Through six preseason games with Boston, sophomore big man Jared Sullinger is leading the Celtics in scoring with 11.2 points in just 21 minutes per game. He is also second in rebounding at 5.2 boards, just behind Brandon Bass. Everything seems to be on track for a breakout year for the 6’9 center as Sullinger is still just getting into shape after back surgery last season.
“Everything is not good. I have to get in shape,” Sullinger said. “I have to get ready for this long NBA season. Right now I am going through a little bit of a slump body-wise, but I will be okay.”
Sullinger is playing himself back into basketball shape; a process that he believes could extend a month or two into the regular season. He is mentally ready to play, however, as there have not been obvious adverse effects from his lack of conditioning in preseason games.
“(I’ll be in shape) probably when all the games come pounding in November and December, maybe late December, but right now, I am not really putting a set time,” Sullinger said. “When it happens, it happens. Mentally, I have to get ready to go.”
What stands out with Sullinger’s game is, although he is under-height at the center position, he can adapt his game to take advantage of his opponent’s tendencies. Sullinger credits the mentorship of Kevin Garnett for how quickly he has adjusted to the NBA.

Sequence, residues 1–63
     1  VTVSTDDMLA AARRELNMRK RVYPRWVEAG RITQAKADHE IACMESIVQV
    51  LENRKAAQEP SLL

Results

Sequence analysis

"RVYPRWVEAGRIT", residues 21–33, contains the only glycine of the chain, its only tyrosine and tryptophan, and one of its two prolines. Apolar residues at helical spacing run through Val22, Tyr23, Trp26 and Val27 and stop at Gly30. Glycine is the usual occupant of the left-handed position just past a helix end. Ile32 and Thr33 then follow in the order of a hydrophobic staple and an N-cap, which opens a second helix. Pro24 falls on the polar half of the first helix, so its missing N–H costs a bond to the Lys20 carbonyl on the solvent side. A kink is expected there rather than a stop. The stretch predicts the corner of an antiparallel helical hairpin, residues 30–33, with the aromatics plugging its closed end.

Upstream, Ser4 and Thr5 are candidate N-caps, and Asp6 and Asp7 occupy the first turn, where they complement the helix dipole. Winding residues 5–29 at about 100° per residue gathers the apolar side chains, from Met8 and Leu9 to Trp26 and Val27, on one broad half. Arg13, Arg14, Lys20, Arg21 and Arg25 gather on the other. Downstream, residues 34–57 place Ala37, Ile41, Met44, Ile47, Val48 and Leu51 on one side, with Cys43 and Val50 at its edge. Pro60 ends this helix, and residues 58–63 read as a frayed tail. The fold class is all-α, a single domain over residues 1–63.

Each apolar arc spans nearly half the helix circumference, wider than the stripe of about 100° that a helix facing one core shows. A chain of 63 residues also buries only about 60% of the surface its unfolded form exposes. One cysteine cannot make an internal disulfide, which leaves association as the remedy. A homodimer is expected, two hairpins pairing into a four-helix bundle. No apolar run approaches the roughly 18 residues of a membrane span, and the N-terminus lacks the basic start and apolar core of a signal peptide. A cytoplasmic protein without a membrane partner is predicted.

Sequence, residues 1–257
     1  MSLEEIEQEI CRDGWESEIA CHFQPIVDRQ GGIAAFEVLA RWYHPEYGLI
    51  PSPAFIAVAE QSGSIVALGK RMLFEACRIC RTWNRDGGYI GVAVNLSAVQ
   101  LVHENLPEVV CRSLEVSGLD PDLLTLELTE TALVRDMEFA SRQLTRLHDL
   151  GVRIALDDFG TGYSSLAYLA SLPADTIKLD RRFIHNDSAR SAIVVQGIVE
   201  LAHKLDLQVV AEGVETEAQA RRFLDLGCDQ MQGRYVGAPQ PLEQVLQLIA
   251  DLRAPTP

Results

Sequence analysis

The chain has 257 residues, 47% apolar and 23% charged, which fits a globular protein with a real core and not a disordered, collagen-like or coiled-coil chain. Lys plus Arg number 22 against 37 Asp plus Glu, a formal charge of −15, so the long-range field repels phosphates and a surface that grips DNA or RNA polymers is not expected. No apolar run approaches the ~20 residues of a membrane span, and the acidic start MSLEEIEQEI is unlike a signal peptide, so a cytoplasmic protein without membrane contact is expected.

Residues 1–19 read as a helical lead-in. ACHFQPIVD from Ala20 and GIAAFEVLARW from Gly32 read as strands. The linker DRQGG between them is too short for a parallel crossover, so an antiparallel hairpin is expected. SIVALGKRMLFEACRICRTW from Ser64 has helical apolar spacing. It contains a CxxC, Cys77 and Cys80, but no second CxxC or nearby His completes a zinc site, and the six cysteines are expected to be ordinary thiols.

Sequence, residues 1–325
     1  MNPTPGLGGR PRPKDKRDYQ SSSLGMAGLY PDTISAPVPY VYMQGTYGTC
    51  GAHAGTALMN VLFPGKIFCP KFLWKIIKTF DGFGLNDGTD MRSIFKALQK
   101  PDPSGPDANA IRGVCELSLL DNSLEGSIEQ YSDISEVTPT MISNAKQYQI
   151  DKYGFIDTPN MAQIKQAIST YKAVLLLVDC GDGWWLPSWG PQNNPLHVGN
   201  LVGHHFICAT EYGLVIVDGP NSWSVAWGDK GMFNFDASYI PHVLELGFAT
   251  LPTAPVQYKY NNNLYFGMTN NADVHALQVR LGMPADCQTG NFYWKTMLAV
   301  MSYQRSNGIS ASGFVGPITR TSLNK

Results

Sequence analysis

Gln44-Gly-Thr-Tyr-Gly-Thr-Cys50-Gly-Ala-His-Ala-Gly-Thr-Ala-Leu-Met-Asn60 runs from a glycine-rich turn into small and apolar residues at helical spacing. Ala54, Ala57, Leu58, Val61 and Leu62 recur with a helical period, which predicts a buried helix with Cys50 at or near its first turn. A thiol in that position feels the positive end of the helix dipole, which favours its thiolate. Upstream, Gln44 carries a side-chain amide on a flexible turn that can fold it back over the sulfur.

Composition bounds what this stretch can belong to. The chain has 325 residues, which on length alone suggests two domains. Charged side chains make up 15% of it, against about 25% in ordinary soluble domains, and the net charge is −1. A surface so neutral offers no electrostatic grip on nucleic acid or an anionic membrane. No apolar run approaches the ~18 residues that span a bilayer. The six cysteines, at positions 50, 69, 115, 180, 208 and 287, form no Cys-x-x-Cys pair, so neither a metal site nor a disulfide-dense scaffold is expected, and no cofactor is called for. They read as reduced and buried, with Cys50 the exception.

“I was mentored for a whole year by Kevin Garnett,” Sullinger said. “He gave me the knick-knacks of what I have to do with bigs. There are scouting reports throughout the NBA and I know about everybody, what they do defensively, how they defend, so when you have someone like Kevin and you learn from him it makes life so much easier.”
However, Sullinger only played in half an NBA season before back problems cut his rookie year short, so he still has a lot of room to grow.
“Like I said, I had Kevin Garnett, so I knew everybody’s tendencies,” Sullinger said. “It was so easy learning. You go through little struggles; I had to find my comfort zone in the NBA and I am still trying to find it coming off of back surgery.”
Those lessons learned from Garnett still impact Sullinger’s approach this season even without the fiery All-Star there to drive the message home. Sullinger knows he is going to be successful in this league by studying his opponents.
“You have to learn everything about the game of basketball,” Sullinger said. “Offensively, you have to know what their defensive tendencies are. Do they bite on shot fakes, do they let you go middle, do they like power or not like power. You have to know little stuff like that.
“There are times when you have to bull your way through, but also, there are times when you have to be smart and know who you are dealing with. You have to know who you are playing with offensively and defensively.”
The Celtics have made the necessary changes to begin rebuilding this roster and Sullinger is one of the young players who will benefit from increased playing time and opportunities to contribute on the court. A breakout season should be expected from the former Ohio State star.
“Everybody is playing for one another and everybody is playing the right way,” Sullinger said. “I am just trying to help this team win in the best possible way.”